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Teamcenter Revision Rules Illustrated

Configuring the precise assembly with a Latest Released else Latest Working revision rule

In our last Post here at the Dojo I talked about Precise and Imprecise assemblies and Teamcenter revision rules and all that. Frankly though, the post suffered by not using any graphics to illustrate the principles. So today I want to make up for that with a post on Teamcenter Revision Rules and how they work with Precise and Imprecise BOMs that’s short(er) on prose and long on illustrative examples. I hope you find this helpful.

Setting up Precise and Imprecise Assemblies

We start the examples with four component items with two revisions, 01 and 02, of each. Each revision may be Released, meaning it has a status, or working, meaning it has no status.

Component Items

Component Items

Next, we have two assemblies which both use these four components. The first, IMP-100, has an imprecise assembly structure, while the second, PRE-200, has a precise assembly structure.

Assembly with an Imprecise structure

The imprecise assembly stores references to items not item revisions.

Assembly with a Precise structure

The precise assembly stores references to specific item revisions, not items. In this case it refers to revision 01 of each of its components.

Comparing Teamcenter Revision Rules

So let’s now compare how various revision rules configure these structures.

Latest Working Revision Rule

The first rule we’ll look at is,

  1. Latest Working

Configuring the imprecise assembly with a Latest Working revision rule

Configuring the precise assembly with a Latest Working revision rule

The Latest Working revision rule will configure the assembly with only working revisions. Since Both revisions of CMP-001 are released it cannot choose any revision to load; neither is a working revision.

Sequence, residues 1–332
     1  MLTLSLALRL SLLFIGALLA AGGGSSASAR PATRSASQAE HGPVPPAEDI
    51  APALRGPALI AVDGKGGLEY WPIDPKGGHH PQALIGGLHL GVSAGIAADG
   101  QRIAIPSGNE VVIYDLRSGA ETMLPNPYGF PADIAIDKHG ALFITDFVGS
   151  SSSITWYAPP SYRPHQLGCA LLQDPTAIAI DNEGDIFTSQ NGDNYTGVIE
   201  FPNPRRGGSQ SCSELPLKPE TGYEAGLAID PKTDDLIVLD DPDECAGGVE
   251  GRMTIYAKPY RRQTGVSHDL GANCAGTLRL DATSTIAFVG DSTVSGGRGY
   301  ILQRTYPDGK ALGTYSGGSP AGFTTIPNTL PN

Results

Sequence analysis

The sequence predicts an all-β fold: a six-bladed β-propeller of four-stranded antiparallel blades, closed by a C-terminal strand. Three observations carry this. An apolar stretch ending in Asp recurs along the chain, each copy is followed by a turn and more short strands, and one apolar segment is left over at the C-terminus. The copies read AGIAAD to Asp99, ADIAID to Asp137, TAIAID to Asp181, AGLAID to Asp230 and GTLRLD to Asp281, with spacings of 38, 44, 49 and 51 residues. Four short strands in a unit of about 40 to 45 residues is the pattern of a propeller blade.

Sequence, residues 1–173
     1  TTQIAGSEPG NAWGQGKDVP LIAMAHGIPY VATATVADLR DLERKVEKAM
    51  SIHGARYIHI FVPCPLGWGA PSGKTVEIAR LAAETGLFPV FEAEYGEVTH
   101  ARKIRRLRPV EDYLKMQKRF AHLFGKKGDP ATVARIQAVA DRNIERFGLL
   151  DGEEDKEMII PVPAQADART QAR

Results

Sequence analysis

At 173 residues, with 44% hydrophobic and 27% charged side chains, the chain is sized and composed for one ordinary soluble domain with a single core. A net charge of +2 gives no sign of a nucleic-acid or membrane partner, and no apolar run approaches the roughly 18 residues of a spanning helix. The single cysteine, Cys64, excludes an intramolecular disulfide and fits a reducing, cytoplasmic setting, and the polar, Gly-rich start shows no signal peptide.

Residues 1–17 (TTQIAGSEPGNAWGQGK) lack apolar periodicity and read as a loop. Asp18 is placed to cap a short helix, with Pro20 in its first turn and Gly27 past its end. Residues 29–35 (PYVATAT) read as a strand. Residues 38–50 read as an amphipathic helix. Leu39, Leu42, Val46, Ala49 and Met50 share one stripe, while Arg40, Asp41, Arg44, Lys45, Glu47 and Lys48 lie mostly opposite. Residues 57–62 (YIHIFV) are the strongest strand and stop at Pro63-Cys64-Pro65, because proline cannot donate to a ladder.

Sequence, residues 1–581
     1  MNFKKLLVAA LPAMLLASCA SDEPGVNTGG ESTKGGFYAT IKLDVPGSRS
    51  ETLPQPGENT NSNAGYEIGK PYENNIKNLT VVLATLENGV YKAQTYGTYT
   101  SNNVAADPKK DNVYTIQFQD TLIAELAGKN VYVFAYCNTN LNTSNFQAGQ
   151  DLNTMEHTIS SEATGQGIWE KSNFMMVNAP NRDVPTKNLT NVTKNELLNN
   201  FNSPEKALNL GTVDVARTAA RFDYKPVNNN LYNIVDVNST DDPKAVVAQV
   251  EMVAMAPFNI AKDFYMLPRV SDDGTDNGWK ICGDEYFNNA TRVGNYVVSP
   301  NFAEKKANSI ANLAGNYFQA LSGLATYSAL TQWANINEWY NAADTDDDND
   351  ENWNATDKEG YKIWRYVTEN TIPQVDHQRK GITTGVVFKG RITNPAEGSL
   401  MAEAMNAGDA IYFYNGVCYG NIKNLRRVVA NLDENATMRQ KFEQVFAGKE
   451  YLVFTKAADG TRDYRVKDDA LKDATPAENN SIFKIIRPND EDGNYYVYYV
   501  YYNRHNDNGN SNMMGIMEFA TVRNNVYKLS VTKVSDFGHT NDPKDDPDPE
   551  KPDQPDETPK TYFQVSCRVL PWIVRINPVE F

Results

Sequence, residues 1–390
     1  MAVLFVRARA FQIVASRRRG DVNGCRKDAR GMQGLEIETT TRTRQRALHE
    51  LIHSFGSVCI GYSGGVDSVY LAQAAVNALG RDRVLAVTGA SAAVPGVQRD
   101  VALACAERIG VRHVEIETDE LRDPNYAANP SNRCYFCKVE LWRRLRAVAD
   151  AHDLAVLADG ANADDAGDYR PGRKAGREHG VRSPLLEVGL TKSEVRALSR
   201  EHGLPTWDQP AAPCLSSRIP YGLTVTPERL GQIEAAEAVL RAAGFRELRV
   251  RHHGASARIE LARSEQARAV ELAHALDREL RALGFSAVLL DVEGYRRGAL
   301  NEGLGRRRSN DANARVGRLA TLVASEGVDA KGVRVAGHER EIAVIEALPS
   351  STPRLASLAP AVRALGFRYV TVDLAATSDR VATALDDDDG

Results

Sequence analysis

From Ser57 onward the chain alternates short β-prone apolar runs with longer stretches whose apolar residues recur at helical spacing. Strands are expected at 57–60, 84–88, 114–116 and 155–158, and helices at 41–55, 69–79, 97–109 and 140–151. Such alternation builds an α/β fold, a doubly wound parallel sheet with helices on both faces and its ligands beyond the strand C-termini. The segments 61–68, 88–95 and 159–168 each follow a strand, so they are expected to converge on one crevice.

You can also see that regardless of whether the assembly is precise or imprecise they are configured with the same revisions.

Latest Released Revision Rule

The next revision rule is,

  1. Latest Released

Configuring the imprecise assembly with a Latest Released revision rule

Configuring the precise assembly with a Latest Released revision rule

Latest Released is the mirror image of Latest Working. It will only configure released revisions, so in this case it’s CMP-004 that cannot be configured because it has no released revision.

And again, it makes no difference if the structure is precise or imprecise.

Latest Working/Latest Released Revision Rule

Now we start looking at multi-line revision rules. When a revision rule has multiple lines it will evaluate each line in order in an attempt to configure a revision.

The first multi-line revision rule we look at is

  1. Latest Working
  2. Latest Released

Configuring the imprecise assembly with a Latest Working else Latest Released revision rule

Configuring the precise assembly with a Latest Working else Latest Released revision rule

If you compare these results to the simple Latest Working rule you will see that CMP-002, CMP-003, and CMP-004 have the same revisions configured, but CMP-001, which couldn’t be configured before, is now configured with rev 02, its most recent released revision. When the rule couldn’t find a working revision to configure it evaluated its second line and found that it could configure a released revision instead.

And yes, it didn’t matter if the structure was precise or imprecise.

Latest Released/Latest Working Revision Rule

To continue to work through the permutations, we try the reverse revision rule: